One of the most overlooked ways in which histamine tolerance can be improved is through the stabilisation of blood sugar levels.

In the scientific literature, it is a well established that there is a bi-directional relationship between blood sugar control and histamine levels.

This means that unstable blood sugar can increase histamine levels, and histamine levels can progress the development of diabetes or insulin resistance.

Histamine Intolerance and Diabetes

Diabetes is a metabolic disease characterised by an increase in the amount of glucose in the blood.

It is caused either by a destruction of the beta cells in the pancreas that produce insulin, or resistance to the effect of insulin (which normally lowers blood glucose levels) or a mixture of both factors.

Histamine intolerance is directly implicated in diabetes. Studies have consistently shown:

  • Increased histamine levels in diabetics,
  • Low levels of diamine oxidase (DAO) which breaks down ingested histamine in diabetic experimental animals,
  • H3 receptors (one of the 4 histamine receptors that regulate the supply of histamine) reside in the pancreatic cells that produce insulin, and
  • H3 receptor blockers lead to a reduction of glucose levels in diabetic experimental animals.

Whats more, histamine levels by affecting the permeability of the blood vessels, are directly implicated in the widespread symptoms and progression of the disease.

Mast-cell Activation and Diabetes

Mast cell activation is also directly implicated in diabetes. Studies have consistently shown:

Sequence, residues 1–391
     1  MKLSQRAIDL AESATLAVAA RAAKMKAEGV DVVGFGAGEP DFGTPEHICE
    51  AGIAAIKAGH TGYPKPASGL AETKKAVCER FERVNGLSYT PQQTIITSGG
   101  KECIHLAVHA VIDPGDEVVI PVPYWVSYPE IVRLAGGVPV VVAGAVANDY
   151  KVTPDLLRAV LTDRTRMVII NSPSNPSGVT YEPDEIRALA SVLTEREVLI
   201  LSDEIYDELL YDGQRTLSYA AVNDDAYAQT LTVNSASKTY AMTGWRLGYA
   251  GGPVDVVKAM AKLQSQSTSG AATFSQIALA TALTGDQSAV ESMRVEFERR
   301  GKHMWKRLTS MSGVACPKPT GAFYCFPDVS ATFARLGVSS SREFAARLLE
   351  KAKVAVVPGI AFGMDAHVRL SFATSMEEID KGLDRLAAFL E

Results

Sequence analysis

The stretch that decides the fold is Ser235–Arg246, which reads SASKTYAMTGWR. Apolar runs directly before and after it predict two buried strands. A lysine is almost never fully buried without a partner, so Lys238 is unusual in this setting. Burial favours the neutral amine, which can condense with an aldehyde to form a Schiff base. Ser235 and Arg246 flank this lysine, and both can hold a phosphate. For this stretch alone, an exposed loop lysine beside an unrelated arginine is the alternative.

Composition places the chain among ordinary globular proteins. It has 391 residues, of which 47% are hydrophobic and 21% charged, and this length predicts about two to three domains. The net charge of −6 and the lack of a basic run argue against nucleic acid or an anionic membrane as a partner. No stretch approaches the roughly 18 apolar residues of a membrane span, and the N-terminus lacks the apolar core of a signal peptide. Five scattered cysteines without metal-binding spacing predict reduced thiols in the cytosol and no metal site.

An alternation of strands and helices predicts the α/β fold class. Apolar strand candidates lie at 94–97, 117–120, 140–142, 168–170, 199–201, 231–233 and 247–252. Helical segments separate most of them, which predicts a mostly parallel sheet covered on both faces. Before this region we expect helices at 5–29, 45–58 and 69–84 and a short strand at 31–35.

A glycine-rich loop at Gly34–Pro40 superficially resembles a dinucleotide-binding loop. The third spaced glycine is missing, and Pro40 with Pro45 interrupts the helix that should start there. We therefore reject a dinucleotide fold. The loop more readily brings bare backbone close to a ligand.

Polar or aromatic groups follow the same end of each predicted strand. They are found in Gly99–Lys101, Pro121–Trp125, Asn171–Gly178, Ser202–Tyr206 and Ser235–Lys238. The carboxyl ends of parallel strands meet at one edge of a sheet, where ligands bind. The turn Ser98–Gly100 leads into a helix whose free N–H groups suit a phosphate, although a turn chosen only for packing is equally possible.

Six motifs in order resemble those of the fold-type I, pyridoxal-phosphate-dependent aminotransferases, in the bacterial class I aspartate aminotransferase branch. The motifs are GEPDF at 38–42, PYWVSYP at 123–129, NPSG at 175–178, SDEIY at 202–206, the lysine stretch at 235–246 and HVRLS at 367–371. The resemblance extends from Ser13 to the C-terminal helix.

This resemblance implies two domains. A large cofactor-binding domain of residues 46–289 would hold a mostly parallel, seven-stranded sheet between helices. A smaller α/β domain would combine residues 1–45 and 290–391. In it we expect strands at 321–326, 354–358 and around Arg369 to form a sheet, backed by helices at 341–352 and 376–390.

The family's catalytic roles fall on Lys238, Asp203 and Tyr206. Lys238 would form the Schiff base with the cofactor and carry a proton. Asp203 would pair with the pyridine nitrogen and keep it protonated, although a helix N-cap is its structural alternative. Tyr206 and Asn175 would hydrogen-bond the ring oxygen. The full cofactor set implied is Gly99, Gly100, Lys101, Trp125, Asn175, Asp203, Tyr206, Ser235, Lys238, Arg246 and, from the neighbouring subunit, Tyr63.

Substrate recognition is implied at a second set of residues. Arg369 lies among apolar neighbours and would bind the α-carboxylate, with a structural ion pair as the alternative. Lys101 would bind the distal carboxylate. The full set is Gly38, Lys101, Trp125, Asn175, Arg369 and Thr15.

• Advanced glycation end products (AGEs) that become overladen with glucose in diabetics, directly lead to mast-cell degranulation, which then releases histamine, and
  • Mast-cell stabilisers and anti-histamines have been shown to decrease complications from diabetes.

An increased number of mast cells, with the subsequent release of histamine and blood vessel inflammation, has also been found in diabetics.

Histamine Intolerance and Insulin Resistance

Whilst histamine is known to pay a role in regulating blood glucose levels in diabetics, the role of histamine in insulin production and low, high, or unstable blood sugar is hypothesised by not fully understood.

Within my practice, I see health on a spectrum, where blood sugar issues can exist, long before the symptoms of insulin resitance and diabetes.  Certainly, fluctuating blood sugar causes a great deal of stress on your body, and histamine is a symptom of a body under stress.

What's more it's entirely preventable with dietary and lifestyle changes.

Blood Sugar Control

I encourage all of my clients to test the stability of their blood sugar by using a glucometer.

Its easy and inexpensive to do. You prick your finger with a sterilised lancet, and then you apply the drop of blood to a “test strip,” that has been inserted into the glucometer, and it measures your blood sugar.

Based on these glucometer results, you can adjusting your protein, carbohydrate and fat ratios, and also any identify inflammatory foods, to maintain blood sugar control.

Whilst it is not the only cause of histamine intolerance it is frequently overlooked.

Personally, I have seen really significant improvements in my health, through addressing blood sugar fluctuations, and I know you can too.  In fact, I started this histamine journey with fluctuating blood sugar issues against a family history of diabetes.

If you suspect that blood sugar control might be playing a role in your histamine intolerance or mast-cell activation I can help you to stabilise your blood sugar and develop a bio-individual diet.


Additional Reading:

Pini Alessandro, Obara Ilona, Battell Emma, Chazot Paul L, Rosa Arianna Carolina.Histamine in diabetes: is it time to reconsider?.Pharmacological Research


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